WASHINGTON D.C. – Today, in response to the 2 separate mass shootings in Dayton, Ohio and El Paso, Texas, President Trump spoke about Red Flag gun laws:
“We must make sure that those judged to pose a grave risk to public safety do not have access to firearms, and that, if they do, those firearms can be taken through rapid due process. That is why I have called for red flag laws, also known as extreme risk protection orders.” (read remarks here)
What are these “red flag laws”, or “extreme risk protection orders”?
Each state needs to enact it’s own law based on the state constitution. Below is a map of the states that currently have or are enacting red flag laws.
However, the Senate has proposed a bill hoping that the states will adopt it. This bill is “S. 7 — 116th Congress: Extreme Risk Protection Order and Violence Prevention Act of 2019.” (full bill here)
This bill was introduced January 3, 2019 by Senators Marco Rubio, Jack Reed, Angus King, and Susan Collins. The “Red Flag bill” suggest that each state and Indian Tribe enact it.
S-7 states that “such extreme risk protection order legislation is an important tool in the efforts of States and Indian tribes to ensure that firearms and ammunition are kept out of the hands of individuals whom a court has determined to be a significant danger to themselves or others.”
The protection order, not to exceed 12 months, “prohibits the individual named in the order from having under the custody or control of the individual, purchasing, possessing, or receiving any firearms; and requires a firearm be removed.”
So how does this process work before a protection order is given or denied?
A law enforcement officer, family or a household member must submit a petition to the state or tribal court. This petition must describe the facts or circumstances “necessitating that an extreme risk protection order be issued against the respondent (person they want to issue the order to) because the respondent poses a significant danger of causing personal injury to himself or others by having a firearm or ammunition in their custody or control or purchasing, possessing, or receiving a firearm or ammunition.”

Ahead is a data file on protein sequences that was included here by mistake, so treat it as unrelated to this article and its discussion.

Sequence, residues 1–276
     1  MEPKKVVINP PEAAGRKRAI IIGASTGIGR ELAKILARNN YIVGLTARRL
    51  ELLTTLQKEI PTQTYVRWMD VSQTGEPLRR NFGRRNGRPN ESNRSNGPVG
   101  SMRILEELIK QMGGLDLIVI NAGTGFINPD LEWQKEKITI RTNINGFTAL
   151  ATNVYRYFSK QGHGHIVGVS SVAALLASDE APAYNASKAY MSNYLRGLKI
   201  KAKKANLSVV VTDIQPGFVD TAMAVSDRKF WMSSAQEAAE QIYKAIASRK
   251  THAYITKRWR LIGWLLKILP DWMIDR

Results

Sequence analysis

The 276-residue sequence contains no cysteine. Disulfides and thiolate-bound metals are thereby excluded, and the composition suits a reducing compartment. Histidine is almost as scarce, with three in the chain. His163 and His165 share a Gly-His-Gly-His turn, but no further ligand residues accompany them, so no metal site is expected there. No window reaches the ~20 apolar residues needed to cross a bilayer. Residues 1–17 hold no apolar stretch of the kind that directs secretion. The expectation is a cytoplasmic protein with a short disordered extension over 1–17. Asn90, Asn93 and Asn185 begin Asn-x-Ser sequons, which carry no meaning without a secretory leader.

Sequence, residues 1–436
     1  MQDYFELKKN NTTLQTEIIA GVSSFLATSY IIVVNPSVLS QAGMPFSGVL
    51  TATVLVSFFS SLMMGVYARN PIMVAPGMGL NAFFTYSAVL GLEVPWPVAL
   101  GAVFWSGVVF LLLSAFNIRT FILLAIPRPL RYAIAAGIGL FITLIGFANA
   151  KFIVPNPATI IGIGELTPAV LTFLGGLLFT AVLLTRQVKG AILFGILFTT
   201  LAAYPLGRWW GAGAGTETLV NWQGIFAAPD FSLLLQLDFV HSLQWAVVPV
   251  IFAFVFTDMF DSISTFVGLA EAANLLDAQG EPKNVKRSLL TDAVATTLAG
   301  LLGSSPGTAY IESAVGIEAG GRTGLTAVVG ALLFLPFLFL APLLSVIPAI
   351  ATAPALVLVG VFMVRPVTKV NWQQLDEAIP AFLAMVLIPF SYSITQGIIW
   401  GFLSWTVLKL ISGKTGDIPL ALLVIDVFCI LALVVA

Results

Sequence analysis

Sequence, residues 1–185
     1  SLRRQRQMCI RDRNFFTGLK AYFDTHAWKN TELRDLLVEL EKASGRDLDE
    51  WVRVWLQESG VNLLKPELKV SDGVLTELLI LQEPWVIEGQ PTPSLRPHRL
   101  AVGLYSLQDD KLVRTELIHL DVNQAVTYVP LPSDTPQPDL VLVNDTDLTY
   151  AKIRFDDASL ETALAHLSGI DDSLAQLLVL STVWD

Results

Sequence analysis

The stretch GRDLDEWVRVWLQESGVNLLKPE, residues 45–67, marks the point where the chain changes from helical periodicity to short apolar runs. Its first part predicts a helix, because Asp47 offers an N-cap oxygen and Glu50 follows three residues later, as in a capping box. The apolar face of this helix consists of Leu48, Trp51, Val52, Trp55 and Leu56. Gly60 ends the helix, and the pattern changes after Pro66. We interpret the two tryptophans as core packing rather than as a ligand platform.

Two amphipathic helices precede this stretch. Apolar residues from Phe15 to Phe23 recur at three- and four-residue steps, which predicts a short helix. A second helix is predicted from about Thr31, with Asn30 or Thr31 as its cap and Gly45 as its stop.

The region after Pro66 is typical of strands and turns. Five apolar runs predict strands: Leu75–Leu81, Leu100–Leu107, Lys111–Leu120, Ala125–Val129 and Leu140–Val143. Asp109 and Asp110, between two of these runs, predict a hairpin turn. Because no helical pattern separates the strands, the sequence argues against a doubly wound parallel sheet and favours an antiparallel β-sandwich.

This petition must include a sworn affidavit (statement) by the person submitting it. Any petition must also include the quantities, types and locations of all firearms and ammunition they believe the respondent to have. It is also required that a “good faith notice” to be made in an effort to provide notice to any family or household members or any third-party individuals who may be at risk.
Then the court must hold a hearing within fourteen days after the date of the petition for the order. “If the court finds by clear and convincing evidence that the respondent poses a significant danger of causing personal injury to himself or herself or others by having in his or her custody or control, or by purchasing, possessing, or receiving, a firearm or ammunition, the court shall issue an extreme risk protection order for a period the court determines is appropriate, which may not exceed 12 months.”
In determining if the order is necessary, the Court considers: recent threats or acts made against themselves or others within the last 12 months; “evidence of a serious mental illness” (not defined within context of this bill or referenced elsewhere); any previously issued orders or violations of orders; if the “respondent has been convicted of a crime of domestic violence or other violence“; if they have used or threatened to use any weapons against themselves or others; “corroborated evidence of the abuse of controlled substances or alcohol by the respondent” (not defined within context of this bill or referenced elsewhere); or the recurring use or threat of use of physical force against another person including stalking another person. The Court can also consider if a mental health evaluation or substance abuse evaluation is appropriate.